Edit: On a side note: I'd personally go with a pre-computer controlled dsl.
Just "my" opinion.
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Old 09-22-2016, 11:21 AM
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EKWagoneer EKWagoneer is offline
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Although I haven't done a diesel swap myself, and don't plan to, I think that the most popular swap is the 4bt swap, and the one I have seen the most. If you go that way, look in bread trucks and things like that for a 4bt.

Hope this helps.
Ely
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Old 09-22-2016, 06:02 PM
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Mikel Mikel is offline
 
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I love diesels, but there are modern V8s that with a properly matched drivetrain can give smooth and quiet power, with MPG that only diesels used to reach.

Going back to diesels, besides the ones mentioned, Isuzu used to make mechanical diesels like the 4BD1T that would be a very nice match for a FSJ.

Whatever path you decide to follow, I would run some quick numbers on paper, if fuel savings are your goal. It takes many tens of thousands of miles to break even on a diesel swap. You may find out that driving your truck as-is will be the most sensible option.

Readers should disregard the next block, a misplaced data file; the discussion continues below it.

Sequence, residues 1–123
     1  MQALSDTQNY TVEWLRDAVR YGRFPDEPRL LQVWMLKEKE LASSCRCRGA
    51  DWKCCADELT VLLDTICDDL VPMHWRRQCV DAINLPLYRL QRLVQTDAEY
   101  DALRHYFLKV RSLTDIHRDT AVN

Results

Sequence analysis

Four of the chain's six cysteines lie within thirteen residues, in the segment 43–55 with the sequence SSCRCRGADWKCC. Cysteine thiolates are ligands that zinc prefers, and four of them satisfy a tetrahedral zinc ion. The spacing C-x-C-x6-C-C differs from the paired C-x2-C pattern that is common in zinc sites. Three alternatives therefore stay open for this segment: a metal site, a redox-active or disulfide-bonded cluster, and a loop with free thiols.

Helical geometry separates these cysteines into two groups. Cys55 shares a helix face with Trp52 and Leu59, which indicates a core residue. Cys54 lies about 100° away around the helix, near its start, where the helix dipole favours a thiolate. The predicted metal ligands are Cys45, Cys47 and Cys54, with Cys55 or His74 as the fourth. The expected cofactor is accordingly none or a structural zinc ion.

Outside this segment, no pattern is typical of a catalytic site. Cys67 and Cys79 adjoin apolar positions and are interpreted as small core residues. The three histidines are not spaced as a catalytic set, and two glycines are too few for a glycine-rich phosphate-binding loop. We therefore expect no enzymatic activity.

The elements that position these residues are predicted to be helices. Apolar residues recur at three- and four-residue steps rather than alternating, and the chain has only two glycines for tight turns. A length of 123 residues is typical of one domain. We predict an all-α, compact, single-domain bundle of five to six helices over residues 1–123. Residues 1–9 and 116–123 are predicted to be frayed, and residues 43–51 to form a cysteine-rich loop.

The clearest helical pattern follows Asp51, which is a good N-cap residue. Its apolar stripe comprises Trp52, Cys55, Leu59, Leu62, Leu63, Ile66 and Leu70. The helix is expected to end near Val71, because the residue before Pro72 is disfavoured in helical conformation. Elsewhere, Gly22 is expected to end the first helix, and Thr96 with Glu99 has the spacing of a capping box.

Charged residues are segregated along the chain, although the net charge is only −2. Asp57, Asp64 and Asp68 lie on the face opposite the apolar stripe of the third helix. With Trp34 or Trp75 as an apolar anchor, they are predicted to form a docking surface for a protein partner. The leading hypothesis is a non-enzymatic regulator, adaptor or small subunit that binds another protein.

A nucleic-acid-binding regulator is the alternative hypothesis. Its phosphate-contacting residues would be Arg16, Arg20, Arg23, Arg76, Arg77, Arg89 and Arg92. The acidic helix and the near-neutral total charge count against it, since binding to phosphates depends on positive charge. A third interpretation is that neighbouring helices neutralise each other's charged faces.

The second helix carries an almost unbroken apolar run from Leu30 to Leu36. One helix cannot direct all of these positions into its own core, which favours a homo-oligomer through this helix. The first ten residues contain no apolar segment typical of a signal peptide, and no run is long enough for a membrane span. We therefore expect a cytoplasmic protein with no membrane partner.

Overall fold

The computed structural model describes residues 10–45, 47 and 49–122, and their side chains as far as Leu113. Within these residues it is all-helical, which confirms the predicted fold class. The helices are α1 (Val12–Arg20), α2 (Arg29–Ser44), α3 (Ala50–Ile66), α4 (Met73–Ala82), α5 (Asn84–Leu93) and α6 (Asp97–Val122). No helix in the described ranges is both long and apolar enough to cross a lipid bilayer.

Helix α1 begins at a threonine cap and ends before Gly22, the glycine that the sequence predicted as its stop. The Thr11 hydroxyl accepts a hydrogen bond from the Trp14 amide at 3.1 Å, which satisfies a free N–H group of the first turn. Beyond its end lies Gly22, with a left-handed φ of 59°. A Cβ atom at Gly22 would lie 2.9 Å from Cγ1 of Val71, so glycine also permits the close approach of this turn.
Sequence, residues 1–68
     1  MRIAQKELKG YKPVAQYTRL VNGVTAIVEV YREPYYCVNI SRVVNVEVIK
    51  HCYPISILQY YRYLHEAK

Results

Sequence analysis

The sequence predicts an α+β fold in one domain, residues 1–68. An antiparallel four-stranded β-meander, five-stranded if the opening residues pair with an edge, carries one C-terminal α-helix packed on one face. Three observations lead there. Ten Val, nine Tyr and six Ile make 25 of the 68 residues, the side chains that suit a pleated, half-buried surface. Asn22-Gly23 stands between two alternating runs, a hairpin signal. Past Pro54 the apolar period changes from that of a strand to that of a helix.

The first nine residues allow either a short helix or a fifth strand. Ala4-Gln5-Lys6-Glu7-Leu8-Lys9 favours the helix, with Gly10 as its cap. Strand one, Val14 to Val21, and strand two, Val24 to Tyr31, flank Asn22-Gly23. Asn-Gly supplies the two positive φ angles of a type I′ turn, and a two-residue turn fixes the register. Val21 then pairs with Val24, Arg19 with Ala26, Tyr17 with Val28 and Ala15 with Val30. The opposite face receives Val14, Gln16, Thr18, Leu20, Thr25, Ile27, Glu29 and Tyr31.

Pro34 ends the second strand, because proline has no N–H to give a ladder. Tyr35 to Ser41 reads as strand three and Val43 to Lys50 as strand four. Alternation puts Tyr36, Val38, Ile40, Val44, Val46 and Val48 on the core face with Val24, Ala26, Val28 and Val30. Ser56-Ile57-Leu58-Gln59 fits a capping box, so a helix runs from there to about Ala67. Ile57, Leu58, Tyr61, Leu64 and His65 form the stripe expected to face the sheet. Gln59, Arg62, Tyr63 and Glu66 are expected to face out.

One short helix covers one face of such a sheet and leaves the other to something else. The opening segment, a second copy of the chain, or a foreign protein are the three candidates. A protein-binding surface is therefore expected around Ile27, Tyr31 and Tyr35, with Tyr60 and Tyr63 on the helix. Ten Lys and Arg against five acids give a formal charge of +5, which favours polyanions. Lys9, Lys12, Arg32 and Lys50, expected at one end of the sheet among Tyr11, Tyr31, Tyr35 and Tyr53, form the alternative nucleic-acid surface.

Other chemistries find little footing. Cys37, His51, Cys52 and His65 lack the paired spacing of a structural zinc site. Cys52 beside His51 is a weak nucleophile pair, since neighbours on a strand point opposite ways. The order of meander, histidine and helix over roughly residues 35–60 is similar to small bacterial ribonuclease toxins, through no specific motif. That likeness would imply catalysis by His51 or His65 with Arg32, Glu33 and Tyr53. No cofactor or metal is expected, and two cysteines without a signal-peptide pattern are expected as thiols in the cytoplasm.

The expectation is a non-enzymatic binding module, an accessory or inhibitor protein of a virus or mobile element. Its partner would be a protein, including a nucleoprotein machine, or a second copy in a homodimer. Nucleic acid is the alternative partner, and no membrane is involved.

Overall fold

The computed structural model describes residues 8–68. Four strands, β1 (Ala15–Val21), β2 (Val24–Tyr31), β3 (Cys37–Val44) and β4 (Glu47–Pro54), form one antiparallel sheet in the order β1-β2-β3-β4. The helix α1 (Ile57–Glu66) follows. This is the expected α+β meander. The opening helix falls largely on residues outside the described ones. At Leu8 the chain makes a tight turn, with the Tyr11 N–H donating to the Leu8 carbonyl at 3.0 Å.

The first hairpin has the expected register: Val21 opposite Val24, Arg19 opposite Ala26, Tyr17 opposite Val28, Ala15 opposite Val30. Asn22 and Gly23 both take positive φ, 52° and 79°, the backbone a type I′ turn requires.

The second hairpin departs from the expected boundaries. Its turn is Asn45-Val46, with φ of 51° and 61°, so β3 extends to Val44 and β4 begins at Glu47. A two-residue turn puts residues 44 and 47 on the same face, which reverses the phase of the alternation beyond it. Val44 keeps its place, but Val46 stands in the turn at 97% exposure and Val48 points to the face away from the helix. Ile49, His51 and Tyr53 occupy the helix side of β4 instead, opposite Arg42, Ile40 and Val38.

A good site to research diesel swaps is www.4btswaps.com They have sections for all common small diesel engines.

Good luck.

Here is mine:

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Last edited by Mikel : 09-22-2016 at 06:32 PM.
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  #6  
Old 11-21-2016, 02:14 PM
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Texafornian Texafornian is offline
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Thank you everyone for your input. My end goal is to turn my GW into a long distance adventure vehicle. Gearing change and lockers already planned.
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Old 01-04-2017, 06:49 PM
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jarhead_jeeper jarhead_jeeper is offline
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I converted a Quadra-trac Jeep CJ7 to a Chevy engine using mostly OEM parts. I had the the Jeep transmission internals swapped into a Chevy case. (The only real difference between the two turbo 400's is the output shaft.) Custom motor mounts and a conversion radiator were the only non stock parts.

If you were to go this route in a GW with the turbo 400 already in it a 6.2 or 6.5 diesel would be a very easy swap.
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Old 01-05-2017, 04:39 AM
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blazer3664 blazer3664 is offline
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Quote:
if fuel savings are your goal. It takes many tens of thousands of miles to break even on a diesel swap.

I agree with what is said there, but I never understood why some do a diesel swap to save $$ on fuel. Just never made sense to me for the reason you mentioned.
Even if you double your mileage, will you drive it often enough and far enough to make the ROI in a reasonable time frame?
Some will, but most wont get there before they sell or "retire" their rig.


Now for some, yes it would be about fuel mileage, but not to save $$.
For me its more about extending the range of my rig with the same # gallons of fuel.